UW-Madison fires back at Dane County for proposing online classes, sending students home

Kelly Meyerhofer:

The best way to reduce the number of infections, Blank said, is “not by issuing press releases calling for students to leave, but to partner in developing collaborative solutions for the benefit of all residents.” She warned that the county is unlikely to see a rapid decline in cases until agencies with jurisdiction over off-campus areas take action.

“It’s long past time to stop arguing,” Blank said in a statement. “We’d welcome a conversation on how we can work together to help our community.”

UW campuses forge ahead in reopening this fall despite growing COVID-19 concerns

Parisi was baffled by Blank’s latest statement, saying UW-Madison went ahead in reopening this fall despite both he and officials with Public Health Madison and Dane County expressing concern.

“The university did not ask for our permission,” he said in an interview. “They informed us. For them to somehow shift the responsibility of their decision onto the community doesn’t really pass the smell test.”

UW-Madison started the semester with an inadequate testing ability and number of contact tracers on staff, straining the county’s public health resources, Parisi said.

Related: Catholic schools will sue Dane County Madison Public Health to open as scheduled

Notes and links on Dane County Madison Public Health. (> 140 employees).

Molly Beck and Madeline Heim:

which pushed Dane County this week not to calculate its percentage of positive tests — a data point the public uses to determine how intense infection is in an area.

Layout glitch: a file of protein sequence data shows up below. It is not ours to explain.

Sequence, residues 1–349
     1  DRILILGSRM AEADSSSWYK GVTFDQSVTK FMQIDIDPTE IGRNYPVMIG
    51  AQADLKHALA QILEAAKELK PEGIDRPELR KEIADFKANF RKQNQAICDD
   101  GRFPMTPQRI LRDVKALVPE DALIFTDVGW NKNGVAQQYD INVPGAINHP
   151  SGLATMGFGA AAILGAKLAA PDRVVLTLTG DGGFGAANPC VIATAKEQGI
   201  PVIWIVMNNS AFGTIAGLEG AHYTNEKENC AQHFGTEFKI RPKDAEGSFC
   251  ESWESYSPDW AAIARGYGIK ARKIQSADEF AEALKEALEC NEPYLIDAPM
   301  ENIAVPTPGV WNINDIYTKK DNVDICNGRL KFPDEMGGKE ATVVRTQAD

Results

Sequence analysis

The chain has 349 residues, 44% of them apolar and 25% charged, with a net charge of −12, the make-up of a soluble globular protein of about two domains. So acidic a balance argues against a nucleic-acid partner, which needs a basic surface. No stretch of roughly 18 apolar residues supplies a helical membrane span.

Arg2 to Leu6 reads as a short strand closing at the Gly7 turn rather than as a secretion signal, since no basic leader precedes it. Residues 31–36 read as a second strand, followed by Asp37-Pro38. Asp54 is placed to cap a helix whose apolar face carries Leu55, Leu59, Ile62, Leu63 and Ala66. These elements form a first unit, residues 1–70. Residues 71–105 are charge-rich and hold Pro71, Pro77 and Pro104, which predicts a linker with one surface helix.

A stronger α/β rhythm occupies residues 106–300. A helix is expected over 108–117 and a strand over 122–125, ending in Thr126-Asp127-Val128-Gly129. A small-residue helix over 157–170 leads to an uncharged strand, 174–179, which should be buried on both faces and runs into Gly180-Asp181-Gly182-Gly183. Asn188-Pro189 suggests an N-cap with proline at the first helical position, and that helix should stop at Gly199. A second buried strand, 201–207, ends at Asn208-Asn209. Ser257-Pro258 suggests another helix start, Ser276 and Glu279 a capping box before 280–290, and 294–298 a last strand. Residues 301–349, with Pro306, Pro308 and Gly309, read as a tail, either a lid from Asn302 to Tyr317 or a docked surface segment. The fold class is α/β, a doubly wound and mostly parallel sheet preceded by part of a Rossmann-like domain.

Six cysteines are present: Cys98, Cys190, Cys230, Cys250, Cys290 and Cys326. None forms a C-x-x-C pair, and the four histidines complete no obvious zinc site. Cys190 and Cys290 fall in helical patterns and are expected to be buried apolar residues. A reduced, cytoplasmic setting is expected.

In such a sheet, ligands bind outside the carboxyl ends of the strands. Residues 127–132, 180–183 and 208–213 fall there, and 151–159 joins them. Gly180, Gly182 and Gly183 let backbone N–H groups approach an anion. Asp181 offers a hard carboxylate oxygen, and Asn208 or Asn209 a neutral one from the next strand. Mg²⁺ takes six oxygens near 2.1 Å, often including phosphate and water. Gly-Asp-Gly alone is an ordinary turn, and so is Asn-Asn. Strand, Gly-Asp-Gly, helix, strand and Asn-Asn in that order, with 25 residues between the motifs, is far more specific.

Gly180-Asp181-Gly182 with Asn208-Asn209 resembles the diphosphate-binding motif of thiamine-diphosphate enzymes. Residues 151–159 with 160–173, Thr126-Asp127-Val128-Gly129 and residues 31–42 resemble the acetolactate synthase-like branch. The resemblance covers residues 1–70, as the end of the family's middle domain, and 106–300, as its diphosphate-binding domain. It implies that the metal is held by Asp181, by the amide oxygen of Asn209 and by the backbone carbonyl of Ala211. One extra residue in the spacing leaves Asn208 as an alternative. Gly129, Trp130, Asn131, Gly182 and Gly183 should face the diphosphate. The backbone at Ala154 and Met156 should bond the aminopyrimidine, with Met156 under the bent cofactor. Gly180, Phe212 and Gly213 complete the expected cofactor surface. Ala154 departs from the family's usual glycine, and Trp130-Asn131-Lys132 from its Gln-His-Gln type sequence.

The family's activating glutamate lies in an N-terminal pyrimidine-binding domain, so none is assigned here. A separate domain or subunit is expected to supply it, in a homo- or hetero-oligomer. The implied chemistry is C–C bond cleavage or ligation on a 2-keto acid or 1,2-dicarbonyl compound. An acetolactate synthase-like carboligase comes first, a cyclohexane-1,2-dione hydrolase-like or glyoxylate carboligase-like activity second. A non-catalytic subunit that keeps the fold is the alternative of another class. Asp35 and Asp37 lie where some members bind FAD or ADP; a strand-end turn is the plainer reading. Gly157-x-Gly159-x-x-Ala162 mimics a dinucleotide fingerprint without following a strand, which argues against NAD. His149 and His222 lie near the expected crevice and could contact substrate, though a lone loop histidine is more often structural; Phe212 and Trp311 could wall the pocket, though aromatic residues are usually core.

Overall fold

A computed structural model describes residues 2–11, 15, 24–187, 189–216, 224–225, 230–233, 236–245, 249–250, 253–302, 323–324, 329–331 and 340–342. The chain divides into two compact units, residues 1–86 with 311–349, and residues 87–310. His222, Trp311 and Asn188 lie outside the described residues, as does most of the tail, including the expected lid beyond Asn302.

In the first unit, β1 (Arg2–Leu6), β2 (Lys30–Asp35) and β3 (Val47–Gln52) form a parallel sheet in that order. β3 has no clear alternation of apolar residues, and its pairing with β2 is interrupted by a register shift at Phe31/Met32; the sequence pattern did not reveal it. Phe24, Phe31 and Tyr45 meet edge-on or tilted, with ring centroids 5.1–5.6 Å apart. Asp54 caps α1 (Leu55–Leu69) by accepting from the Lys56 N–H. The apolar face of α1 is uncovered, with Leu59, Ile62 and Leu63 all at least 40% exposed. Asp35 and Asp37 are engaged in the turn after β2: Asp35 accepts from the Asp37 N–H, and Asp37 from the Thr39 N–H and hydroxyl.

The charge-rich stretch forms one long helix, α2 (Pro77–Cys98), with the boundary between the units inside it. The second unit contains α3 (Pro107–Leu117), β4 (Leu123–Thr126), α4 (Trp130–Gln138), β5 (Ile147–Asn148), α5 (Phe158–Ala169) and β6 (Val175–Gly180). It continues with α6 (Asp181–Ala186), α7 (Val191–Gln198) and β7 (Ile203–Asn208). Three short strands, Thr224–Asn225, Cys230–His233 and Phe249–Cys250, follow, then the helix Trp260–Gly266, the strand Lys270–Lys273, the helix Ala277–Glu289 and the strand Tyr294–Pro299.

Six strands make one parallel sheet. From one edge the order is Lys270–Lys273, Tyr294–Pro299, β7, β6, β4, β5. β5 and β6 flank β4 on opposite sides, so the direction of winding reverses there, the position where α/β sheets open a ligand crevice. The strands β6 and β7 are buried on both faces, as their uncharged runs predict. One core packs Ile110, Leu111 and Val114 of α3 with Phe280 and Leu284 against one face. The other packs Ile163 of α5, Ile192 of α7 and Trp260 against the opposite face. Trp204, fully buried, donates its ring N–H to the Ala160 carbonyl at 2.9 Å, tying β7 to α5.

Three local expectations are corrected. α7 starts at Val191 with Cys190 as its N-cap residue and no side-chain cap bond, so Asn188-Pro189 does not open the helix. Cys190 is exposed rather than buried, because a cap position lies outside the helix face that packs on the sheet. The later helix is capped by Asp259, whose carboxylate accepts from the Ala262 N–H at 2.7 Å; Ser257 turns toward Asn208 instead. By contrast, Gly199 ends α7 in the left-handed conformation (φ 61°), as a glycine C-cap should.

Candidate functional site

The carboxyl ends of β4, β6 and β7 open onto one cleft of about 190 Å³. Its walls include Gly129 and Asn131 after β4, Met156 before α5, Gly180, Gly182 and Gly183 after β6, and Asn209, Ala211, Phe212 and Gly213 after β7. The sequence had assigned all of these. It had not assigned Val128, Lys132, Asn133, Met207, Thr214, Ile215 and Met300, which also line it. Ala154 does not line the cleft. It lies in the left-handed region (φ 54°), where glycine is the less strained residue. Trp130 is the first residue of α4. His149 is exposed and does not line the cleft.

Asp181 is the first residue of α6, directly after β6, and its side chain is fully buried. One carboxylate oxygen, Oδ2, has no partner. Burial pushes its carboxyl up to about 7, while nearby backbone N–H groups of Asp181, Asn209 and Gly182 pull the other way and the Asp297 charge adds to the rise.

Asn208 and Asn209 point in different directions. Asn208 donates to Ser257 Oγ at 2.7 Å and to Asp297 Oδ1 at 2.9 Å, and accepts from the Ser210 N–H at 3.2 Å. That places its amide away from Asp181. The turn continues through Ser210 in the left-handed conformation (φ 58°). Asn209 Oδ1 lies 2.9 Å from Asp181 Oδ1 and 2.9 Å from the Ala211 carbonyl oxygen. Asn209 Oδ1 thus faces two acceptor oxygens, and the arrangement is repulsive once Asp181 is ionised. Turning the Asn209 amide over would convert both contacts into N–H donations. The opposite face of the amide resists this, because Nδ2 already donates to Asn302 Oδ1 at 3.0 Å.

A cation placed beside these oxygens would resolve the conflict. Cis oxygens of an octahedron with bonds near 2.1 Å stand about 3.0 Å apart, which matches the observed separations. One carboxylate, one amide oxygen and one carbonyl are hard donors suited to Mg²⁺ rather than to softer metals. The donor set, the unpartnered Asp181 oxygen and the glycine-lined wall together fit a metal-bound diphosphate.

While positive test results are being processed and their number reported quickly, negative test results are taking days in some cases to be analyzed before they are reported to the state. 


The department said it was between eight and 10 days behind in updating that metric on the dashboard, and as a result it appeared to show a higher positive percentage of tests and a lower number of total tests per day.

The department said this delay is due to the fact data analysts must input each of the hundreds of tests per day manually, and in order to continue accurate and timely contact tracing efforts, they prioritized inputting positive tests.

“Positive tests are always immediately verified and processed, and delays in processing negative tests in our data system does not affect notification of test results,” the department said in a news release. “The only effect this backlog has had is on our percent positivity rate and daily test counts.”

Staff have not verified the approximately 17,000 tests, which includes steps such as matching test results to patients to avoid duplicating numbers and verifying the person who was tested resides in Dane County.

All 77 false-positive COVID-19 tests come back negative upon reruns.

Madison private school raises $70,000 for lawsuit against public health order. – WKOW-TV. Commentary.

WEAC: $1.57 million for Four Wisconsin Senators

Assembly against private school forced closure.

Wisconsin Catholic schools will challenge local COVID-19 closing order. More.

2017: West High Reading Interventionist Teacher’s Remarks to the School Board on Madison’s Disastrous Reading Results

Madison’s taxpayer supported K-12 school district, despite spending far more than most, has long tolerated disastrous reading results.

My Question to Wisconsin Governor Tony Evers on Teacher Mulligans and our Disastrous Reading Results

“An emphasis on adult employment”

Wisconsin Public Policy Forum Madison School District Report[PDF]

Booked, but can’t read (Madison): functional literacy, National citizenship and the new face of Dred Scott in the age of mass incarceration